- The Dick Van Dyke Show: In the episode "It May Look Like a Walnut", Rob and Laura watch a sci-fi movie where aliens use a walnut-like object to strip humans of their thumbs and imagination so they can't make things. Then Rob has a nightmare about the movie where the walnuts figure heavily and he ends up losing his thumbs and sense of humor, much to his despair.
- In John Reuben's "Word of Mouth" music video, there are monsters that eat peoples' imaginations, which physically reduces them to brown blocks. When the monster is killed, everything's returned to normal.
- Changeling: The Dreaming: There were two ways for Changelings to gain Glamour (AKA imagination, creativity) by draining it from humans.
- Ravaging stole Glamour from human beings in a very painful manner. If a human was Ravaged repeatedly and frequently, they could lose all of their Glamour permanently. The Unseelie particularly enjoy this form of feeding.
- Rapture forced a human to create a work of art that completely and permanently drained all Glamour from them. When the work was destroyed, the Glamour was gained by the Changelings who participated.
- LEGO Universe shows that the LEGO Universe thrives on Imagination, a mythical element that is needed to build and create (which, for a world Built with LEGO, is naturally pretty important). The villain is the Maelstrom, a force of chaos and destruction that serves as the antithesis of Imagination. The Maelstrom was created when Baron Typhonus corrupted the Imagination Nexus, and now it seeks to corrupt or extinguish the remaining Imagination in the universe.
- Dragon Quest Builders, which takes place in the wake of the Bad End of Dragon Quest I, has a variation: Humanity has been stripped of their ability to create. The concept of stacking one stone on top of another to make shelter is completely alien to them, everyone's wearing rags because they don't think to make new clothes, and literacy is on the decline because people can't 'create' new books. The Player Character proceeds to blow people's minds by building villages out of basic materials, which stirs the survivors to start dreaming up new ideas again - though they'll defer to "the Builder" to actually construct anything complex.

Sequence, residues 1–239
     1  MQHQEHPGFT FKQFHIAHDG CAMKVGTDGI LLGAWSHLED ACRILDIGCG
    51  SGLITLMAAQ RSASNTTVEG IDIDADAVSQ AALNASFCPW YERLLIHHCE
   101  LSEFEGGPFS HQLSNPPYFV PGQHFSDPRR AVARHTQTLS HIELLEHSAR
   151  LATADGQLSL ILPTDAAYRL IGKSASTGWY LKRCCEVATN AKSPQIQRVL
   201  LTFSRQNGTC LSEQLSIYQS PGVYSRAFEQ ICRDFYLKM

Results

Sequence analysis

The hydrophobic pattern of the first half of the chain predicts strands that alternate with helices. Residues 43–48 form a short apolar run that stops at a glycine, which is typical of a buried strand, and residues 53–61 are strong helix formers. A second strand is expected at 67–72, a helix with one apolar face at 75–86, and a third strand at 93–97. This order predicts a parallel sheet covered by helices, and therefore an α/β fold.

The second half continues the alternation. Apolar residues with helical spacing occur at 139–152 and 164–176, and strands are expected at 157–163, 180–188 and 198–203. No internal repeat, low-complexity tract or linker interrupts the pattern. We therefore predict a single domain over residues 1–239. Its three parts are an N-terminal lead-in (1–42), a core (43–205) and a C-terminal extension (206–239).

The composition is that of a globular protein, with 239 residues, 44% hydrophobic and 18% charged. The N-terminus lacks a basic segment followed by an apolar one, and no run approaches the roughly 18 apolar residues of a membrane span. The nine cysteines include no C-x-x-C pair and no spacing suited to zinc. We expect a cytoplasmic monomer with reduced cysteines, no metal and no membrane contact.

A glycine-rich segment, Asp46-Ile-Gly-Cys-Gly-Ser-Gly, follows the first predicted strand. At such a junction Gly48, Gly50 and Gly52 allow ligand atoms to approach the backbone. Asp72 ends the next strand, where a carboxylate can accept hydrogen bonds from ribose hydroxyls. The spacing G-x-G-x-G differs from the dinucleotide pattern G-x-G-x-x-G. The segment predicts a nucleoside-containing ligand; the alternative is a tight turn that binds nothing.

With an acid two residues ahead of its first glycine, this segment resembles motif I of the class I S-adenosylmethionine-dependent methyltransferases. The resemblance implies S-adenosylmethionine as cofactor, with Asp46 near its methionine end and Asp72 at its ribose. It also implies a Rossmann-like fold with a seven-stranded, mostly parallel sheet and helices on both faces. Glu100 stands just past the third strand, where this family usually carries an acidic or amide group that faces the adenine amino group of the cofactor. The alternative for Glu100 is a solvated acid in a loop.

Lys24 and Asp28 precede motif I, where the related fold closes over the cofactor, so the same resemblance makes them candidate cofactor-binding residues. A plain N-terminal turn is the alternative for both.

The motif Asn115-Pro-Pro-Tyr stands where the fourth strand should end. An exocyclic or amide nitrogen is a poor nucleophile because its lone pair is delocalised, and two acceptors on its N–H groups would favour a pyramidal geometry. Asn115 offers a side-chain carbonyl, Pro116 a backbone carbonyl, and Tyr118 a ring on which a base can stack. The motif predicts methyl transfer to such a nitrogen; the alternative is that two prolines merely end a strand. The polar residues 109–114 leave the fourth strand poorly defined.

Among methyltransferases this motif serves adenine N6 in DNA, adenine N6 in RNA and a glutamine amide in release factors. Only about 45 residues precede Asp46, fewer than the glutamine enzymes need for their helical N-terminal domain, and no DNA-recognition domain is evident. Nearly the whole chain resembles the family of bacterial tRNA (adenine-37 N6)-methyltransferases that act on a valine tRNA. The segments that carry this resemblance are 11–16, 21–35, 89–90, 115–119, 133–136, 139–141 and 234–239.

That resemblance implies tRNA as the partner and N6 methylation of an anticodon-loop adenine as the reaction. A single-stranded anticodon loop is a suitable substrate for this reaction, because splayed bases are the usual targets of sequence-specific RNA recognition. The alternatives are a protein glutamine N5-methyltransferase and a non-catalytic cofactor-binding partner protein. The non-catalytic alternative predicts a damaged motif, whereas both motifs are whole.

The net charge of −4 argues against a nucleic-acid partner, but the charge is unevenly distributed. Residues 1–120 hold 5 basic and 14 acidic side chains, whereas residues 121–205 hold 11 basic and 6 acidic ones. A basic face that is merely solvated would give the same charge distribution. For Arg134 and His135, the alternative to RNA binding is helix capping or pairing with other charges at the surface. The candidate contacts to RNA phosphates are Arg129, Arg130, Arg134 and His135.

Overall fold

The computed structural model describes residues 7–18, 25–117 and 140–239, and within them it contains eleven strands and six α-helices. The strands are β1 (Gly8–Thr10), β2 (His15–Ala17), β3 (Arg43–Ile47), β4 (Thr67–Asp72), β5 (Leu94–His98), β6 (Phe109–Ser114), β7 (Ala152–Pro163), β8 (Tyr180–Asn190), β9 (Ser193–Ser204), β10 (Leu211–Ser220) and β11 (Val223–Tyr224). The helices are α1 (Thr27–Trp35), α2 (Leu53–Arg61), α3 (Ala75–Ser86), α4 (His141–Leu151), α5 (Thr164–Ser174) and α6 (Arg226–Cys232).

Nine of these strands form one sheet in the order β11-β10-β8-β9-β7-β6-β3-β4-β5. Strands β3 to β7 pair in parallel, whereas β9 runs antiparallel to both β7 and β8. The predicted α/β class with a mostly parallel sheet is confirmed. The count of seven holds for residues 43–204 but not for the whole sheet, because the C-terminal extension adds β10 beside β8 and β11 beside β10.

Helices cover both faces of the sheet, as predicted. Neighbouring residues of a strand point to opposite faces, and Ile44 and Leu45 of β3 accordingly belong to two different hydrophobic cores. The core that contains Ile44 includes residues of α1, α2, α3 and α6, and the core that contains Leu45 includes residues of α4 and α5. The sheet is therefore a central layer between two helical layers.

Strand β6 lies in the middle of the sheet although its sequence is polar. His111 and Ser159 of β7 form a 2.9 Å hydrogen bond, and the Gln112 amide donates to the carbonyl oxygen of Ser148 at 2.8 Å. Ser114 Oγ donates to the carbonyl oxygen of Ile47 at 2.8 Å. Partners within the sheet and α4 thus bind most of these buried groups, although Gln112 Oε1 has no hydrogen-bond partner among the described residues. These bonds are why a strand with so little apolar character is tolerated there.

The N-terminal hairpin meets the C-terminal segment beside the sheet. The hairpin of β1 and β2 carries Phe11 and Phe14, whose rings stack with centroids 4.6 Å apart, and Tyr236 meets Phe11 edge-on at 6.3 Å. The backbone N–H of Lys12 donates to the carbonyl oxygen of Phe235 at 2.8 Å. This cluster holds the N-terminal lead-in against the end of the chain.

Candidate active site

- In RWBY, this was the goal of one side of the Great War of Remnant. Before the Great War, the Kingdom of Mantle abolished all forms of art and self-expression. The reasoning was that by removing these things, it will keep the population's emotions from growing too strong and thus attracting the Creatures of Grimm. Mantle's trade partners Mistral approved of the abolishment (for everyone but the ruling class), but the kingdoms of Vale and Vacuo wouldn't have it.
- In the The Little Mermaid TV series, the Evil Manta has a pet known as the Brain Sponge, which he tries to unleash on Ariel to sap her imagination. Since his son Little Evil interferes, it's the Evil Manta who nearly gets his brain drained, but Ariel and Little Evil defeat the Brain Sponge and save him.
- Phineas and Ferb
- In the episode "Phineas and Ferb Interrupted", Dr. Doofenschmirtz builds a Dull-and-Boring-inator. The boys are actually hit by it offscreen, before the show begins, and its effect is to make them dull and boring, and completely sap them of their usually fertile imagination.
- In the special "Phineas and Ferb Get Busted!" Candace finally gets the boys busted and they get sent to a summer school where, using nonmagical means (similar to Gradgrind's) and along with a class of other boys, their imaginations get taken. It was All Just a Dream.